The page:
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F1

It's not the fault of the track and it's not the fault of the Formula One teams. For sure, it's not the fault of the drivers. The 2013 Chinese Grand Prix in Shanghai proved for once and for all that the tyres dictate the strategy and - even more ridiculously - the racing. If you thought team orders affect who races who, you need to hear the pit-to-car radios in the Shanghai race. And dust off that Scalextric that's been hibernating in the attic.

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The official word from Red Bull Racing is that Sebastian Vettel and Mark Webber have "settled" the issue that arose when Vettel ignored team orders in Malaysia and took away Webber's victory. But as always, the devil is in the detail.

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The most fun of the weekend in Malaysia was not the (rather sad) race weekend concert but when Lewis Hamilton forgot that he's changed teams and is now driving for Mercedes. The McLaren pit crew who watched him pull in between the lines - with tyres ready - waited patiently while he worked out his error and set off for his own box further down the pit lane. No one else had anything to smile about, including eventual winner, Vettel. He broke team orders to stay behind Webber but says "you know I’m not sorry to win."

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Melbourne: the autumn leaves, the winter rain, the summer sun and a spring in the step of all in Formula One as they arrive for the start of the new season. Then it all went rather weird and it's difficult to feel ultra-pleased with Kimi Raikkonen's win in his Lotus branded Renault which is a shame because a win's a win, isn't it?

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Given Ferrari's history of stress-testing and even breaking the rules, often with the support of stewards and the FIA, it's a bit rich that they asked the FIA to review the stewards' decision over a pass by Sebastian Vettel on Verne in the Brazilian Grand Prix.

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In one of the least surprising announcements as to 2013 drivers, the Williams F1 team has confirmed Pastor Maldonado and Valtteri Bottas will pilot its cars next year. So Bruno Senna is looking for a new seat.

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Fans were exhausted, commentators were breathless, drivers were either elated to seemingly dangerous degree or as flat as a flat thing. And all because the Brazilian Grand Prix, the last race of the 2012 Formula One season, was impossibly exciting. If anyone ever mentions a traffic-light grand-prix, tell them to watch this for the moments the lights went out, the world went crazy. And it didn't stop until the leaders had already finished

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Before the US Grand Prix at Circuit of the Americas in Austin, Texas, there was much criticism of the track: overtaking would be difficult, the tyres chosen by Pirelli were wrong, the tight corners into long straights would lead to bunching and then a train down the straight, and so on. They were wrong.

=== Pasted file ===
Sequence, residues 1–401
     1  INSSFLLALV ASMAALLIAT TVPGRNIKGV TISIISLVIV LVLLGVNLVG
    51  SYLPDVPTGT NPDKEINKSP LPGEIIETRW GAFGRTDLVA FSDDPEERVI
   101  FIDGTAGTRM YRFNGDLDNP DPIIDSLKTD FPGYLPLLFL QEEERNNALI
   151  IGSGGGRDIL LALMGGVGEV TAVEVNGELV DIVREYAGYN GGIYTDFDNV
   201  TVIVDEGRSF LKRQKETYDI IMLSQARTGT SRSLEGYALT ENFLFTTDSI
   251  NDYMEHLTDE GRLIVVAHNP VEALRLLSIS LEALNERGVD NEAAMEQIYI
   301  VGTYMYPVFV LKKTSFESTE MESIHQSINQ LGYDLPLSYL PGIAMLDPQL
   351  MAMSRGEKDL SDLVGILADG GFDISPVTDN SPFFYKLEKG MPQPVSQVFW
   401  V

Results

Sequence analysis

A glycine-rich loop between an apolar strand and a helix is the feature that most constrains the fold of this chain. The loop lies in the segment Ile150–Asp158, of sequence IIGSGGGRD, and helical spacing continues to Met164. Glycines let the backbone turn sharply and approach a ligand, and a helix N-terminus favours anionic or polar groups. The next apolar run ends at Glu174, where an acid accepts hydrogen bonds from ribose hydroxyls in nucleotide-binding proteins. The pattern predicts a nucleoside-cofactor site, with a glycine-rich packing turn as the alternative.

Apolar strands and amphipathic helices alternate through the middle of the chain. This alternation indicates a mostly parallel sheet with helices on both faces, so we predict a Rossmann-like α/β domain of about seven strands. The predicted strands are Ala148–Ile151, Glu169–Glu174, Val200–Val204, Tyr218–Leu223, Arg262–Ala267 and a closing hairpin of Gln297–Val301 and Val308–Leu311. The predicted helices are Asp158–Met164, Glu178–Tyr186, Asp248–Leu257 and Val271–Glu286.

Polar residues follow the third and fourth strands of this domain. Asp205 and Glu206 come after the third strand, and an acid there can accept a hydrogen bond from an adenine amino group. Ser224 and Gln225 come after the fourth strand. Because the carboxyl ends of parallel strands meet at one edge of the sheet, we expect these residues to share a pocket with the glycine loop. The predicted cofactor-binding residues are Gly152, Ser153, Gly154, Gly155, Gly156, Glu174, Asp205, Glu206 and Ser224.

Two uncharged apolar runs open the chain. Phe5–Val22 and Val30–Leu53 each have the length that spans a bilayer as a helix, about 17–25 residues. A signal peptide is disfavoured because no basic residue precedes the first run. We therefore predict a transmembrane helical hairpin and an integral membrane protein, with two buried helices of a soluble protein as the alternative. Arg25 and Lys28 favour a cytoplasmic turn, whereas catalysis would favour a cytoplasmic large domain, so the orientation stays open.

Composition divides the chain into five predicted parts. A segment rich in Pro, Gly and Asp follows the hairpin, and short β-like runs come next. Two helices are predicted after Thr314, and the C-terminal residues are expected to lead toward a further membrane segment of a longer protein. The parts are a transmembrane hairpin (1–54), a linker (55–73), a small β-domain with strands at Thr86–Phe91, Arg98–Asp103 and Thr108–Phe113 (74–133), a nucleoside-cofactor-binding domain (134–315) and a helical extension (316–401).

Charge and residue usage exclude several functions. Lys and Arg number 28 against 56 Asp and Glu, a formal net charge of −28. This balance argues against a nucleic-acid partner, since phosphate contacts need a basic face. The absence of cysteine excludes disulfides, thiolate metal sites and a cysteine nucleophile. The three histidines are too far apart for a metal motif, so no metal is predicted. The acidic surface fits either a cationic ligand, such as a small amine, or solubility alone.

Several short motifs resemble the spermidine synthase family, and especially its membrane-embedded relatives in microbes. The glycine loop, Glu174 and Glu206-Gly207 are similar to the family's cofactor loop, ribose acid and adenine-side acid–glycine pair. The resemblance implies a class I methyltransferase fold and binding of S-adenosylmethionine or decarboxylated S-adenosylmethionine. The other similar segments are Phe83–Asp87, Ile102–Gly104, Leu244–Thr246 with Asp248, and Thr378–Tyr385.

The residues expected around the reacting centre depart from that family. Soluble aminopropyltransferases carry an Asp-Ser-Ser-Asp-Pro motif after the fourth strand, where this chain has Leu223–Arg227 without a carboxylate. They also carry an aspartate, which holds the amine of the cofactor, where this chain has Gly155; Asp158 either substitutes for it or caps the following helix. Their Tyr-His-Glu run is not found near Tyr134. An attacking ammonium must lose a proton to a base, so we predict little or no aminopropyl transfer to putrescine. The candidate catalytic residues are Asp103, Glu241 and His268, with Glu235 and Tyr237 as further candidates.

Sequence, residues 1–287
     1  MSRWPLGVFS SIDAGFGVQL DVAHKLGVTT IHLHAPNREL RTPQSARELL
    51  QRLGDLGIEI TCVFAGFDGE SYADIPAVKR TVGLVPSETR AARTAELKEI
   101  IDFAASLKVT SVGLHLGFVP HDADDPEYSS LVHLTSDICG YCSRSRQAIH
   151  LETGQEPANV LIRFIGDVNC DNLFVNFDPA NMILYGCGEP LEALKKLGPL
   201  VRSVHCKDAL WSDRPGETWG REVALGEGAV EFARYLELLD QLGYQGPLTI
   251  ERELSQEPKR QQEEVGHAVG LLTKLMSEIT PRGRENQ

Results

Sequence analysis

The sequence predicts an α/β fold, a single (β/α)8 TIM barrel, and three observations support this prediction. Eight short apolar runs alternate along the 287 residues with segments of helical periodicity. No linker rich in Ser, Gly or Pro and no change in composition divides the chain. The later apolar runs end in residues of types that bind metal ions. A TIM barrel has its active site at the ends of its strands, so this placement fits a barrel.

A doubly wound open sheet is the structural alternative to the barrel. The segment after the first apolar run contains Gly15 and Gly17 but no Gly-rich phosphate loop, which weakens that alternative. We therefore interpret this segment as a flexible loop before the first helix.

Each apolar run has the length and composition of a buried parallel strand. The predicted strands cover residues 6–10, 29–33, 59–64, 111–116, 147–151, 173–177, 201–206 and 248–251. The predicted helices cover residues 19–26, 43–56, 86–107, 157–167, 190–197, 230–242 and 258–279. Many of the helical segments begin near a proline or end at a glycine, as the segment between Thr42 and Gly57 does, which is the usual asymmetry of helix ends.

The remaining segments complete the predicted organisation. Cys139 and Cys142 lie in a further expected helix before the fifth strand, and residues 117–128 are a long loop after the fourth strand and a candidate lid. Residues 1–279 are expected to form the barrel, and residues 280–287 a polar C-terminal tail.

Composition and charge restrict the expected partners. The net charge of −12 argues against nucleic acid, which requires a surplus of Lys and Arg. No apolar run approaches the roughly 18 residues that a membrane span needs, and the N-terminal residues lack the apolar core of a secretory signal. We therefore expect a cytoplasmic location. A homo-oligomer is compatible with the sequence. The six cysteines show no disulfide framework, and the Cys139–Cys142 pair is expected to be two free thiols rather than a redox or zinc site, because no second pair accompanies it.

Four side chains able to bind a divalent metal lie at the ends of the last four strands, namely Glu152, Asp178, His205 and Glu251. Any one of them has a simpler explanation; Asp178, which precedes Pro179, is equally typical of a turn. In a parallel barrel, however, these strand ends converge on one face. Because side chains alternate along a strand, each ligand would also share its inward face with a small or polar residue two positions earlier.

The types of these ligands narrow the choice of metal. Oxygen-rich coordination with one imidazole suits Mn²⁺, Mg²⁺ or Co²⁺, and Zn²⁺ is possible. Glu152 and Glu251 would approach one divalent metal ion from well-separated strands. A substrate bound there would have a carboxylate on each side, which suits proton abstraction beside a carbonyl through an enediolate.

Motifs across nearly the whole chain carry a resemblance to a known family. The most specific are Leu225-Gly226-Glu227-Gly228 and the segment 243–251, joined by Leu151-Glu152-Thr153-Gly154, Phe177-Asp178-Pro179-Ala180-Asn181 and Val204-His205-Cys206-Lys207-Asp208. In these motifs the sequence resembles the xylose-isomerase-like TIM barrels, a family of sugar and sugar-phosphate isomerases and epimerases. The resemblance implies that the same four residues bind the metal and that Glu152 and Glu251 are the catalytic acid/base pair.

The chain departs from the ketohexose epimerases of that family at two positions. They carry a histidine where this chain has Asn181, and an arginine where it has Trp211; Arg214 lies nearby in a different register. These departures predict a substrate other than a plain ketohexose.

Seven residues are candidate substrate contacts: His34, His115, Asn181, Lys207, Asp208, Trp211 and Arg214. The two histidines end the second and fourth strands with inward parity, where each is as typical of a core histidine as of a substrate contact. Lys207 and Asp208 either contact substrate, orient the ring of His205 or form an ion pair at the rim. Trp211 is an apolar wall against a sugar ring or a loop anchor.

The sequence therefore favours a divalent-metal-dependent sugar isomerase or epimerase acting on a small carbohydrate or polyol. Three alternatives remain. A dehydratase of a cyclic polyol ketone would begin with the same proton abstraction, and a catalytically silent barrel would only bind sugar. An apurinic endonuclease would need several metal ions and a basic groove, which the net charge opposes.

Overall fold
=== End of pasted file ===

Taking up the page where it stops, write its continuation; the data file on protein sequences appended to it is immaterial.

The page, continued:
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Speaking at the first press conference for the first US Grand Prix yesterday, Sebastian Vettel told the global F1 audience to not to watch F1 if they are "sensitive." Bryan Edwards, our motor sport editor, writes him an open letter.

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The future of the recent development of podium interviews must be in doubt as two Formula One champions disgrace themselves and the sport by the use of coarse - in one case foul - language live across the conservative Abu Dhabi landscape and the world's TV screens.

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As most of the crews pack up and head for the USA via their workshops in the UK, skeleton crews are left behind with a car or two. It's the Abu Dhabi Young Driver's Test and there are some interesting names.

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There are few that argue with the assertion that Ayrton Senna was Formula One's greatest driver. Driven, tortured, ruthless on the track yet a man of considerable humanity off it, Senna knocked down records like a bowler knocks down pins. Even as his records are equalled, drivers that do so find that matching his performance is an emotional experience.

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When we've looked at The Circuit of the Americas (tweely known by its owners as COTA) in Austin, Texas, we've been a bit disparaging, largely, it has to be said, because there has been so much uncertainty over whether it would ever come into being or whether, if it did, it would be ready in time for its inaugural Formula One race. We didn't expressly say "if a decent track comes out of this mess, I'll eat my hat," but it was strongly implied. Pass the ketchup, please.

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Bryan Edwards

What's the main difference between Bahrain and Melbourne? It's not the dust: there was plenty of that in both countries. We think Bernie and the FIA have a plan...

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